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Welcome, Shorts

|Includes: Loews Corporation (L)

Dear Shorts,

This is a friendly invitation to please short any of my long positions at any time for any reason. Additionally, please take apart my argument, disprove my thesis, and put capital at risk according to your convictions. I will always be happy to lend my shares as desired. I will always listen to your case. It should go without saying that this is only business and I don't take it personally one bit.

I love being underappreciated by the capital markets because it allows for buying back shares at a discount to intrinsic value. Some of the most honest and aligned management teams, such as the Tisch family that runs Loews Corporation (NYSE:L), appear to delight in their company being constantly undervalued by the market. They act as if they are in on a secret, only disclosing the bare minimum amount of detail. If someone hates Loews, they will simply let them hate it. If the market spurns the stock, they will grow ever richer along with other holders by buying back shares at a discount to intrinsic value. If a business becomes overvalued on their watch, they will sell it. They are so focused on excellent operations and asset allocations, that they have completely neglected the task of promoting their stock. They are rational and they behave how honest people behave.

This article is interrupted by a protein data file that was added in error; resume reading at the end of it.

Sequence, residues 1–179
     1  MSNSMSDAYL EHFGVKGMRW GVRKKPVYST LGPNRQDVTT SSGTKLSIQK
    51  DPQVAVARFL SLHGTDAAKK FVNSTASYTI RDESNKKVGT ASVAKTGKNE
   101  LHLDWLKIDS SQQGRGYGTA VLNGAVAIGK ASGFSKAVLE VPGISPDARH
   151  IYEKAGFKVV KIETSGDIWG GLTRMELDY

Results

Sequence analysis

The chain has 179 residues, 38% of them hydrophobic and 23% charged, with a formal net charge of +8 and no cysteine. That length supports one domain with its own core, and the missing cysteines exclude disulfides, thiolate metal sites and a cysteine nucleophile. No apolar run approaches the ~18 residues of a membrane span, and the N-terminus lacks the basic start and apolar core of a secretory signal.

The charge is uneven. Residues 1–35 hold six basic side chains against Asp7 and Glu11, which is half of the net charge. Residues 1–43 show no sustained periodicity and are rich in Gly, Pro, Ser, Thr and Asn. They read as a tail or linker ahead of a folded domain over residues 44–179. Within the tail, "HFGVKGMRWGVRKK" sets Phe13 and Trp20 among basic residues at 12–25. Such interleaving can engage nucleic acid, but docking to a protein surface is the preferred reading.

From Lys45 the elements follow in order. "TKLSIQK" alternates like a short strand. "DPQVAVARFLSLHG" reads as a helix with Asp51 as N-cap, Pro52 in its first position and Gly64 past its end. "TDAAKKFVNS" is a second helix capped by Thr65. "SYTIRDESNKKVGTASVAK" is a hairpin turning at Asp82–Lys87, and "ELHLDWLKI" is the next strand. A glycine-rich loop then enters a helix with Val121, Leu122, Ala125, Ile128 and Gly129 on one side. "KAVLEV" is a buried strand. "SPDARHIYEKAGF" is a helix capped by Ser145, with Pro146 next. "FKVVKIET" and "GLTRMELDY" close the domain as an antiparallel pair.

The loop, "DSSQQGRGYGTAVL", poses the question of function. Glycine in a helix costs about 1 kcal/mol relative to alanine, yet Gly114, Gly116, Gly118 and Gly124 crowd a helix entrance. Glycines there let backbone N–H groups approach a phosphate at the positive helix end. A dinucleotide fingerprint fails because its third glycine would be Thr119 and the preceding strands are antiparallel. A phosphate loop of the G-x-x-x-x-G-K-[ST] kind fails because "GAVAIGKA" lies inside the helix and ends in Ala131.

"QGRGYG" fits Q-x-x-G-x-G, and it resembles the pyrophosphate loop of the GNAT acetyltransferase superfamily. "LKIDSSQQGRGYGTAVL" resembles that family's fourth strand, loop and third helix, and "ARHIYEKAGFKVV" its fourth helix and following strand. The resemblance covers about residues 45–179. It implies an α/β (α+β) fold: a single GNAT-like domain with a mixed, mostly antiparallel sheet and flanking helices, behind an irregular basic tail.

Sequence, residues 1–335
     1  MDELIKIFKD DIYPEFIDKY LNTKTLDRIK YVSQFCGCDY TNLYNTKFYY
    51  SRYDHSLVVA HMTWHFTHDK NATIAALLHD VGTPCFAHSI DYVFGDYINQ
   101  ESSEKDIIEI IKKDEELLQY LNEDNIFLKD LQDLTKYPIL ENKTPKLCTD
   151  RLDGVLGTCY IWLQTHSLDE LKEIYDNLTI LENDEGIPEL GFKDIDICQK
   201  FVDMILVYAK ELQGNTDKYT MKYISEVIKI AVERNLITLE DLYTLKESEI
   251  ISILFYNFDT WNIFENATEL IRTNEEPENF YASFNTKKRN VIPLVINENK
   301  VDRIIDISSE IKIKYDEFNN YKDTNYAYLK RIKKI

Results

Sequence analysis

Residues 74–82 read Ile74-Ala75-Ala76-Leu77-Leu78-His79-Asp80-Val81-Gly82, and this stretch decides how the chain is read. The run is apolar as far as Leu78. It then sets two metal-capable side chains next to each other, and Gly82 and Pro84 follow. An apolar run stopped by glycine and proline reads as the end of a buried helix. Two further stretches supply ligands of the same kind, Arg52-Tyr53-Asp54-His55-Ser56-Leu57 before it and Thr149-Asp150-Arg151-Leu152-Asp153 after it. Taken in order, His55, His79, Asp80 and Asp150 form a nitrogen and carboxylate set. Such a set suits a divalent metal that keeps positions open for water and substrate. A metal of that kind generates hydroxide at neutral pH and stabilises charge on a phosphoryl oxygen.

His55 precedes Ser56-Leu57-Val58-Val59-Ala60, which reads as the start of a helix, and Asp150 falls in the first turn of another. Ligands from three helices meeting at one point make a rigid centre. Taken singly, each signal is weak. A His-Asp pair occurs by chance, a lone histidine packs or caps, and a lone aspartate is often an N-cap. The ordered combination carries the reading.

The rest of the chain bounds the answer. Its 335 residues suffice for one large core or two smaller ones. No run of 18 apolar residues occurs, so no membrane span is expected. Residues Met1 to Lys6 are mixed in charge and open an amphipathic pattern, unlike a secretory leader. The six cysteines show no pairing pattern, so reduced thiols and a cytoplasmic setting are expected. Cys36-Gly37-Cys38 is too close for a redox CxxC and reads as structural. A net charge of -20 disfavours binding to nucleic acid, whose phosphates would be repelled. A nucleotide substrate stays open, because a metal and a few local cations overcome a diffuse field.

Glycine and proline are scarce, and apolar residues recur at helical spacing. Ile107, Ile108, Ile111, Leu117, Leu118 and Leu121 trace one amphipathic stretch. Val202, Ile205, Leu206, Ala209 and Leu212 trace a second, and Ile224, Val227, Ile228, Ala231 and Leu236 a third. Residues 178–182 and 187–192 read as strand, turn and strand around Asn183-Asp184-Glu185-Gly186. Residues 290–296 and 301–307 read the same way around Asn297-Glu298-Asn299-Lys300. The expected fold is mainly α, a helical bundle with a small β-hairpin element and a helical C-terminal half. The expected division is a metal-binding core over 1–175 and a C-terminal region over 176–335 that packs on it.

Come to think of it, wouldn't it be suspicious if I attacked you for shorting my stocks? Unless I was running a stock promotion, why would I worry about shorts? It is interesting to watch stock promoters attack shorts, because they may reveal more of their desperation than they intend to. If you look at companies that attack short sellers, they tend to engage in certain other behaviors that look shady.

If I am a shareholder, I hope that my managers are not too worried about short-term stock movements. If I'm not, then why should they be? Some companies, on the other hand, appear to put out a lot of press releases. Some even appear to put out cheery press releases specifically to buck up sagging stock prices. Why? Another thing that I hope to avoid: goosing the stock based on incomplete hype only to issue more shares and other securities. If you are about to announce wonderful news, why issue shares first? Why not just tell us the great news.

In conclusion, unless you are a newswire, your business is not issuing press releases and unless you are an investment bank, you business is not issuing securities. And unless you are a ninja assassin, your job is not attacking short sellers. Since I am not a newswire, i-bank, or ninja assassin, I will get back to work and hope to make short sellers in any of my investments feel welcome to do as they please.

If you would like to learn more about shorting, you might consider reading The Art of Short Selling. For an entertaining book regarding history's greatest short, you might like The Big Short: Inside the Doomsday Machine.